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Five Thoughts From UFC's Ultimate Fighter Live: Quick Fights, Fun Format Stand Out

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UFC Bantamweight Champion Dominick Cruz and Urijah Faber were on their best behavior on The Ultimate Fighter premiere on FX.
UFC Bantamweight Champion Dominick Cruz and Urijah Faber were on their best behavior on The Ultimate Fighter premiere on FX.

"How the hell is the UFC going to get 16 fights into less than three hours?"

That was the main question most people were asking going into Friday's The Ultimate Fighter premiere on FX, answered quickly within minutes of the show opening up: one five minute round per fight.

Yes, you read that correctly. A sport that is already a max of 15 minutes for the vast majority of non-title fights was cut down to just five minutes...and it worked.

On Friday, the UFC did what so many promoters around the world wish they could do: promote a two-and-a-half hour amateur MMA show on a major ad-supported cable network.

Here's five quick-hit thoughts that stood out to me:

1) The format worked

What felt like a Friday night high school sporting event was a hell of a lot of fun. Shot in the same venue that the UFC has run TUF fights in for years, it was exactly what we were promised: a live TUF show. Jon Anik was the host, Dana White, Dominick Cruz and Urijah Faber provided sparse commentary and 16 fights took place in front of less than a hundred people.

When the UFC signed with Fox, we heard how TUF was going to be different. While it's probably foolhardy to expect sweeping change with the hourly episodes every week, the relationship got off to a fresh and fun start Friday and will likely be a constant in future seasons moving forward.

2) Finishes galore

Whether it was the shortened fights or the nature of the TUF fight-in beast, there was a glut of bouts that ended in finishes that ranged from eight second KOs to plain ol' rear naked chokes. Considering the relative unknown nature of those that competed, it made for a fast paced night that left impressions on some potential top-level competitors on this season.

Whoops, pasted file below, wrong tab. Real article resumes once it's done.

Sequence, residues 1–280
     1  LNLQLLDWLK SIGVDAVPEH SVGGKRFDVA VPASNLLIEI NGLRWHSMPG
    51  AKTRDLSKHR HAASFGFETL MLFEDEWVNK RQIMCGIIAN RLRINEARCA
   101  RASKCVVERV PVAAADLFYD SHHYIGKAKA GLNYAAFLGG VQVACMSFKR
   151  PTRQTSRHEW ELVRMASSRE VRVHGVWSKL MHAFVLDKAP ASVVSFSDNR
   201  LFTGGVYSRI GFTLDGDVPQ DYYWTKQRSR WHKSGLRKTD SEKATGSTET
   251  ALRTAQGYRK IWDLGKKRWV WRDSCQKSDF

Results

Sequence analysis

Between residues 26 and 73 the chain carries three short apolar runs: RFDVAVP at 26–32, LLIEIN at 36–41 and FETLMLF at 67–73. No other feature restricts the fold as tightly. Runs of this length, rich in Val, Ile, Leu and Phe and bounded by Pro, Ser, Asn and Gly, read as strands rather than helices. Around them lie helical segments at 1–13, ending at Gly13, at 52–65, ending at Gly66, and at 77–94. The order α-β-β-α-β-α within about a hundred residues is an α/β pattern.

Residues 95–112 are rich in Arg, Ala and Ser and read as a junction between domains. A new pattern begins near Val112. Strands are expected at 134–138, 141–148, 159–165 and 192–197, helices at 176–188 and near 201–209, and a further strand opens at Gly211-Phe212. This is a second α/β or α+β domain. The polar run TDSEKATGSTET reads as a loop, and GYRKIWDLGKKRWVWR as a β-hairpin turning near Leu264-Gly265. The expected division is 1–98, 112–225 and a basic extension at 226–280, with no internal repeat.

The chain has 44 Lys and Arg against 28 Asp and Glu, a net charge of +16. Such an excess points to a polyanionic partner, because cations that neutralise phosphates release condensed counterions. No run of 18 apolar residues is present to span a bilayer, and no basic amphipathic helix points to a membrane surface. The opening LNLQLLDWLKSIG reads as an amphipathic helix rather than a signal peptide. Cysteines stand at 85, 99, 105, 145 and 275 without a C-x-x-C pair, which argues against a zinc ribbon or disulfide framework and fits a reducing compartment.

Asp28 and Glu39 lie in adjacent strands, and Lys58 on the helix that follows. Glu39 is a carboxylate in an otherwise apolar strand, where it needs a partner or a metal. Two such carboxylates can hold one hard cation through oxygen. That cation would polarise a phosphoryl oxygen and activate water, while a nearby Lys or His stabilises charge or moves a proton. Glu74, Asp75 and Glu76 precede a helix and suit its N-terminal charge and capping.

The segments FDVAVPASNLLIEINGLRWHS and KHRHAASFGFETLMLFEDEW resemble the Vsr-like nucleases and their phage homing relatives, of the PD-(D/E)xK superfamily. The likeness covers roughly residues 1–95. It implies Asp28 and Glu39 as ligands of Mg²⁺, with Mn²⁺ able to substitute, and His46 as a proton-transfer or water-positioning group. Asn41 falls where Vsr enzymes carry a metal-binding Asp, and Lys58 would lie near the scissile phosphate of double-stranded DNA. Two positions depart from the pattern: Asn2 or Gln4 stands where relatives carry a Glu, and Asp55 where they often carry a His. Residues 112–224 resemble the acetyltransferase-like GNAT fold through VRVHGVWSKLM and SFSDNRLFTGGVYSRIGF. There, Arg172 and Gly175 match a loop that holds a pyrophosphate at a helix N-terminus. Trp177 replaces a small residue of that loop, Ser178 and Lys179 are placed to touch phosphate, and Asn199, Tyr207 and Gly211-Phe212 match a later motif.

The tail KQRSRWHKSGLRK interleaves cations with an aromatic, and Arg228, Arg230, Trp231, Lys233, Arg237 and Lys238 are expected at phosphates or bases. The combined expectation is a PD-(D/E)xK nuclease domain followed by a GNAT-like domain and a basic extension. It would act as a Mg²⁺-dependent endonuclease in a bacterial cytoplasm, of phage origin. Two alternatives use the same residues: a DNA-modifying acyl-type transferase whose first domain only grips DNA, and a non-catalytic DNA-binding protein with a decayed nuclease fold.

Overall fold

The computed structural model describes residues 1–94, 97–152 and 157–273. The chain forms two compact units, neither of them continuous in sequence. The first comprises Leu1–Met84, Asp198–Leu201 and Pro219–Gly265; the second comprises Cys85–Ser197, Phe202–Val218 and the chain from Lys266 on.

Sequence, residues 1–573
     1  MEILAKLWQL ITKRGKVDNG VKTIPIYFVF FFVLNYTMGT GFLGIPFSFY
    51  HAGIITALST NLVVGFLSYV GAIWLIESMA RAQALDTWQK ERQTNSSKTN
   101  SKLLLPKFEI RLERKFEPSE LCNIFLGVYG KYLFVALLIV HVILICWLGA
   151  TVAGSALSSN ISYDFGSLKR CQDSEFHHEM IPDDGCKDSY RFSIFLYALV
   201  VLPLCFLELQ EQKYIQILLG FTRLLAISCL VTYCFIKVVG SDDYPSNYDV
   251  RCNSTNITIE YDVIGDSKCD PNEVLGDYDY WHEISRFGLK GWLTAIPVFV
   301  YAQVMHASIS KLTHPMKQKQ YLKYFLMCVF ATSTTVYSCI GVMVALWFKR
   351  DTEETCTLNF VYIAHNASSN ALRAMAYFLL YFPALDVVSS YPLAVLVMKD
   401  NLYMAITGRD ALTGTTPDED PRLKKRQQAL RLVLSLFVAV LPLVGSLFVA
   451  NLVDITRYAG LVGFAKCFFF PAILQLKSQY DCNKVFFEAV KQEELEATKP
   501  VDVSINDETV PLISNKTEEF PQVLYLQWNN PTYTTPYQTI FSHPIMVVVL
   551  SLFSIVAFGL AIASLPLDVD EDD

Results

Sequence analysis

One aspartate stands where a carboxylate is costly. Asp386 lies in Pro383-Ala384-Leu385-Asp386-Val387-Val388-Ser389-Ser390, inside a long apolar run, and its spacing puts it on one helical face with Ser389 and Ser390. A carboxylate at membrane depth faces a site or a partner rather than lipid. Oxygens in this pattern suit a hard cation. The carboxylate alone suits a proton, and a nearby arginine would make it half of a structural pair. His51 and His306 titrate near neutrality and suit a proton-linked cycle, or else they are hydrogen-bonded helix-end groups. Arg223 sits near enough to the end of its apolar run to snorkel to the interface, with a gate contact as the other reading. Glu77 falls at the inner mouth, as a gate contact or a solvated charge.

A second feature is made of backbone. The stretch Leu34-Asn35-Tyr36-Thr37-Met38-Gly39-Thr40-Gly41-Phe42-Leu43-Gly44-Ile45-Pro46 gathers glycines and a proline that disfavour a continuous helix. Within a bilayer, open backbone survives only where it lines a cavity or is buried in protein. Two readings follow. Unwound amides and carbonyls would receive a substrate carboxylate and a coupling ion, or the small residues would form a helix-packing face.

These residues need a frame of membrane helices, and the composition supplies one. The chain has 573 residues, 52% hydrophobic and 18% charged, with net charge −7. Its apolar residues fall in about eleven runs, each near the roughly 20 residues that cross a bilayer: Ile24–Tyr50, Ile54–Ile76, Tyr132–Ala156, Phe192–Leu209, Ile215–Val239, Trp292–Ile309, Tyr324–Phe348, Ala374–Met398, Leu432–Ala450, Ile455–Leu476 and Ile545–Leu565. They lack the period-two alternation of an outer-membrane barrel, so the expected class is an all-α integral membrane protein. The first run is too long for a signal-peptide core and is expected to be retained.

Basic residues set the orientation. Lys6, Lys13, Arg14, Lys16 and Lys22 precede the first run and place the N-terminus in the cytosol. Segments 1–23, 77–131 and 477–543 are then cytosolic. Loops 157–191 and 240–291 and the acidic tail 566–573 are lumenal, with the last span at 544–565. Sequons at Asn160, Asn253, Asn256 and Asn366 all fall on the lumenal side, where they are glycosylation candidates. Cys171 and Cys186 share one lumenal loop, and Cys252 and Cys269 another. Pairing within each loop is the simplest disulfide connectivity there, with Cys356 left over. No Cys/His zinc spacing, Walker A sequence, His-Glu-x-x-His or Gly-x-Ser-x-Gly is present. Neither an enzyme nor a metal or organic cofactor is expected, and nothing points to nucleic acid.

The first four fights wrapped in just over 30 minutes and out of 16 fights, half needed the full five minutes. The sense of urgency was there, a reason the single round was a great idea. $40,000 worth of bonuses ($5k per finish) were given out. Again, it worked.

3) Faber and Cruz more friendly than enemies

For two guys that were have been painted, promoted and portrayed as bitter rivals, both Faber and Cruz were downright civil throughout the broadcast. They interacted like two scouts would at a football game without any unpleasantries being exchanged. With 13 weeks, there will be plenty of time for the two to build toward July's climax in their trilogy. Friday wasn't about them at all and I'm not sure if that's a good thing or not.

4) Who stood out?

With the way that MMA is today, the talent level on these shows is always tough to judge early on. However, there was a few fighters that caught my eye. Sam Sicilia stands all of 5'7" but knocked out Erin Beach in just eight seconds. Vinc Pichel opened up Cody Pfister with a nasty elbow, resulting in a big gash and bloodiest fight on the show. Daron Cruickshank was my favorite fighter of the night with his Stephen Thompson approach to the game. Michael Chiesa could be a fun character to watch, as is the 21-year-old Justin Lawrence.

White wasn't shy in calling out favorite target Steve Mazzagatti ("They call him 45-minute Mazzagatti" after a slow stoppage) and ripping on Chase Hackett for not doing anything against a seemingly gassed Chris Saunders. As the show went on, you heard more from White, Cruz and Faber but it was subdued and welcome. The three seemed more natural than any of the banter on Spike's MMA Uncensored Live.

And for all that was made of poor Dakota Cochrane's past this week, he lost in a rather boring fashion and won't be on the show. What a waste of time that turned out to be.

5) A few production notes

I don't think they ever said what weight class the guys were fighting at. I assumed 170, but when a guy that writes about MMA isn't sure, that's a sign they need to not assume everyone knows this. Apparently, they were lightweights and if so, there were massive 155ers...Phil Davis and Ross Pearson were among those helping out in the back and at cageside. But they weren't mentioned by name at all, which felt odd to me...White's dialogue with Faber and Cruz about the lack of clocks in the corners was pretty funny...I can't wait to see the ratings as FX did a ton of advertising leading up to Friday in every medium possible.